A Pregnant Woman with Headache

Posted by • September 18th, 2015

Axial MRI Scans of the Head.In a new Case Record of the Massachusetts General Hospital, a 38-year-old pregnant woman presented with headache and visual symptoms. MRI of the brain revealed multiple small infarcts, with no thrombosis. Anemia and eosinophilia were present, as was abnormal endocardial material on echocardiography. Diagnostic tests were performed.

Geophagia is practiced in Guatemala and even encouraged during pregnancy as a desired nutritional supplement. Pregnancy-related geophagia (the habit of eating clay or earth) is a potential source of helminthic infection.

Clinical Pearls

• What are some of the causes of pregnancy-associated ischemic stroke?

Ischemic stroke is uncommon during pregnancy, although there is a high relative increase after delivery (relative risk, 8.7). The rate of both ischemic and hemorrhagic strokes during pregnancy may be increasing, perhaps because of increased rates of hypertension and heart disease. Normal pregnancy leads to changes in hemodynamic function, vascular-wall structure and integrity, endothelial function, and the levels and function of procoagulant and anticoagulant proteins that are factors associated with an increased risk of stroke. The most common causes of pregnancy-associated ischemic stroke are cardioembolism, preeclampsia and eclampsia, and cerebral venous sinus thrombosis. Acquired or inherited underlying hypercoagulability may exacerbate the physiologic prothrombotic state that occurs during pregnancy. Atherosclerosis may also contribute to the risk of stroke in patients with risk factors for early-onset disease.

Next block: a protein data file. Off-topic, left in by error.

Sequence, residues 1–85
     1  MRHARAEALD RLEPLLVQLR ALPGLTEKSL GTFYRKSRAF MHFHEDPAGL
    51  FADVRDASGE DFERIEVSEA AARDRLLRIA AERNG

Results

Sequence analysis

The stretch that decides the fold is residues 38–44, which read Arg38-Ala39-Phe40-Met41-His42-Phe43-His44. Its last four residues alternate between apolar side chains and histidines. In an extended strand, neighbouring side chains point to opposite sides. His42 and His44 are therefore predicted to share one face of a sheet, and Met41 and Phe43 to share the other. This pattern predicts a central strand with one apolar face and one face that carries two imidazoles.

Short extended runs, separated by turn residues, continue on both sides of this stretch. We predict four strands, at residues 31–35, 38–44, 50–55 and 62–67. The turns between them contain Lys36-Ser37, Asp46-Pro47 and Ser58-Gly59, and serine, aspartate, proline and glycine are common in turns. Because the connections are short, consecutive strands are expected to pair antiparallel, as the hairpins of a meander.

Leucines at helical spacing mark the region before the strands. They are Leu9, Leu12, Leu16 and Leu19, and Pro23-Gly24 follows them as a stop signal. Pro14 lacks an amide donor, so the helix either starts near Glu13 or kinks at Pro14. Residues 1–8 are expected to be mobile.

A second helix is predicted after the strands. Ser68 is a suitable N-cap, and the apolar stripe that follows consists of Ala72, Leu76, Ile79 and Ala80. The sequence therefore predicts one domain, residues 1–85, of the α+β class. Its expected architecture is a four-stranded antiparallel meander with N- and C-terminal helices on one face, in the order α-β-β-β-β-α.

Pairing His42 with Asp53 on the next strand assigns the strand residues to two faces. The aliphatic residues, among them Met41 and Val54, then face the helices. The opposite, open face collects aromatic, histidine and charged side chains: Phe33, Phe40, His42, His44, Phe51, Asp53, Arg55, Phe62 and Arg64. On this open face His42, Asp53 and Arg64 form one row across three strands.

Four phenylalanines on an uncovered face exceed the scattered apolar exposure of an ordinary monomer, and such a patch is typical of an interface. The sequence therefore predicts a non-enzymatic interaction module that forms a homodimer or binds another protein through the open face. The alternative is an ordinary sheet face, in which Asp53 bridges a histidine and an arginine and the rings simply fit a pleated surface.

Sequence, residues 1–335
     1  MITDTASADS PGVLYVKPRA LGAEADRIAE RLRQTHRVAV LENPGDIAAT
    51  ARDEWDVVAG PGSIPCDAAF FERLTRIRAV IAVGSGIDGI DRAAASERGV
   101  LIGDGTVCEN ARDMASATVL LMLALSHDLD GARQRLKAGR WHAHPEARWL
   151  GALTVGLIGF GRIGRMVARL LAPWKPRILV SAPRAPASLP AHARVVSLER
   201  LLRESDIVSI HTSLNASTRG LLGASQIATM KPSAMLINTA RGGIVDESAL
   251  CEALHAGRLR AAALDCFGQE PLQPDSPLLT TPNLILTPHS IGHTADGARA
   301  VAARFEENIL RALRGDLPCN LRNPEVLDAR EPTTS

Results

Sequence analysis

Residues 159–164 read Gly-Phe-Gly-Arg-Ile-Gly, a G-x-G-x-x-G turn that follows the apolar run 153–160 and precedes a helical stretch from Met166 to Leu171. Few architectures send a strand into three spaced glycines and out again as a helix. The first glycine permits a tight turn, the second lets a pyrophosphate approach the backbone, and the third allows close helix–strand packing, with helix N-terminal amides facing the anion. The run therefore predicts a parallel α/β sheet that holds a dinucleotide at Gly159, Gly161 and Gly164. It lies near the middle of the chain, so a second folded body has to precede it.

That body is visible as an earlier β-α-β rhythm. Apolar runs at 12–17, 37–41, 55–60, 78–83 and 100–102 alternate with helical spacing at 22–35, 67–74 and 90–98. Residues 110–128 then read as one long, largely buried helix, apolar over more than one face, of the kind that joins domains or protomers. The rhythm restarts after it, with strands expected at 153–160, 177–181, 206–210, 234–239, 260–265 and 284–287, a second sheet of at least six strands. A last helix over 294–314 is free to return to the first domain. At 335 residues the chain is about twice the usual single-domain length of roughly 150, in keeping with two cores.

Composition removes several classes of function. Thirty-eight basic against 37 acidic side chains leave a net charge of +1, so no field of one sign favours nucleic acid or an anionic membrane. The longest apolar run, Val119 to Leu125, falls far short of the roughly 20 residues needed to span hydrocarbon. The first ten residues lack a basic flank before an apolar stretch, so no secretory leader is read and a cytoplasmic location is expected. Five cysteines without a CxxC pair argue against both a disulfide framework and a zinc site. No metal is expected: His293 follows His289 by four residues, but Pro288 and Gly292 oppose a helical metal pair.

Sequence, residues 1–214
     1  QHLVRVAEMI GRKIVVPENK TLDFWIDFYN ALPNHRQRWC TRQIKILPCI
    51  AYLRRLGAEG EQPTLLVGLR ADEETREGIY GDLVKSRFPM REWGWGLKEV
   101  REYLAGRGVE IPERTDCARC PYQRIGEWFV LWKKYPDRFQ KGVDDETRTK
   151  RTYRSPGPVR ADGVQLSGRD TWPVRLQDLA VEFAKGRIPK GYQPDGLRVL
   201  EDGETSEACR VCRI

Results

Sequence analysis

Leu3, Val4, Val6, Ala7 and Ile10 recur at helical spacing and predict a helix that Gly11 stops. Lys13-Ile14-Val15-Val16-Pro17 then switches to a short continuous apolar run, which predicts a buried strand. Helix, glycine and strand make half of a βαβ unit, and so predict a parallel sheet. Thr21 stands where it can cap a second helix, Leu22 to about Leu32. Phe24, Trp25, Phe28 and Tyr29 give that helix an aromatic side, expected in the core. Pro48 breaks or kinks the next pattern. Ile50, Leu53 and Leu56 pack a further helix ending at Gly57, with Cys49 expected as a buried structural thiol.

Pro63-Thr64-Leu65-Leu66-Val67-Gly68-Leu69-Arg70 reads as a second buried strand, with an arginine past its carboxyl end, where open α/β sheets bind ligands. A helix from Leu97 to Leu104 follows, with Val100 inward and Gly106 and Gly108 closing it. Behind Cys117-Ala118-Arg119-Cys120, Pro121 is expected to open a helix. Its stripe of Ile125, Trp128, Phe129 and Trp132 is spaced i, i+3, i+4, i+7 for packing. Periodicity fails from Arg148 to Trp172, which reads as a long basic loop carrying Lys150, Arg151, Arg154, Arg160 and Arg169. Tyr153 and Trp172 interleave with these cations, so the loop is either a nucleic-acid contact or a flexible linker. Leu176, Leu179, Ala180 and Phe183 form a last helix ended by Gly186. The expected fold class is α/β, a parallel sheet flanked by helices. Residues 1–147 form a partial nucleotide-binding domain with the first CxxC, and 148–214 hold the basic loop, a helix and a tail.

• What are some of the causes and consequences of hypereosinophilia?

Eosinophilia can be caused by the primary hypereosinophilic syndromes or by secondary causes, including parasitic and viral infections, drug-induced and other allergic causes, and lymphoma and other tumors. Current criteria for a diagnosis of the primary hypereosinophilic syndrome include eosinophilia (>1500 cells per cubic millimeter) that has persisted for 6 months, the absence of secondary causes of eosinophilia, and end-organ involvement. Damage to the heart due to either primary or secondary hypereosinophilia can be manifested by eosinophilic endocarditis (Loffler’s endocarditis) or endomyocardial fibrosis (Davies’ disease).

Morning Report Questions

Q: How is hookworm infection acquired?

A: Hookworm, which is present in New England, is usually acquired through penetration of the skin by larvae from contaminated soil but can also be acquired through ingestion. Adult worms cause a chronic intestinal infection that is accompanied by low-level eosinophilia (500 to 700 cells per microliter). Adult worms damage intestinal capillaries and consume 0.03 to 0.20 ml of blood per day, causing iron deficiency anemia. Diagnosis is determined by means of stool examination for ova and parasites, with a single examination reportedly having approximately 80% sensitivity.

Q: What symptoms are commonly associated with toxocara infection, and how is it treated?

A: Toxocara canis and T. cati infect dogs and cats throughout the United States. Toxocara species are acquired through the ingestion of contaminated soil or infected meat. Larvae hatch in the intestine and migrate through the bloodstream to multiple organs, including the liver, spleen, lungs, and eye. Symptoms commonly include wheezing, fever, hepatomegaly, and eosinophilia and occasionally include cough, urticaria, pruritus, pneumonia, and anemia. The treatment of choice for both toxocara and hookworm infection is albendazole. Treatment of toxocara infection may also include glucocorticoids.

Table 2. Potential Parasitic Causes of Hypereosinophilia in this Patient.

One Response to “A Pregnant Woman with Headache”

  1. Mario Turati says:

    Can you explain “visual simptoms”.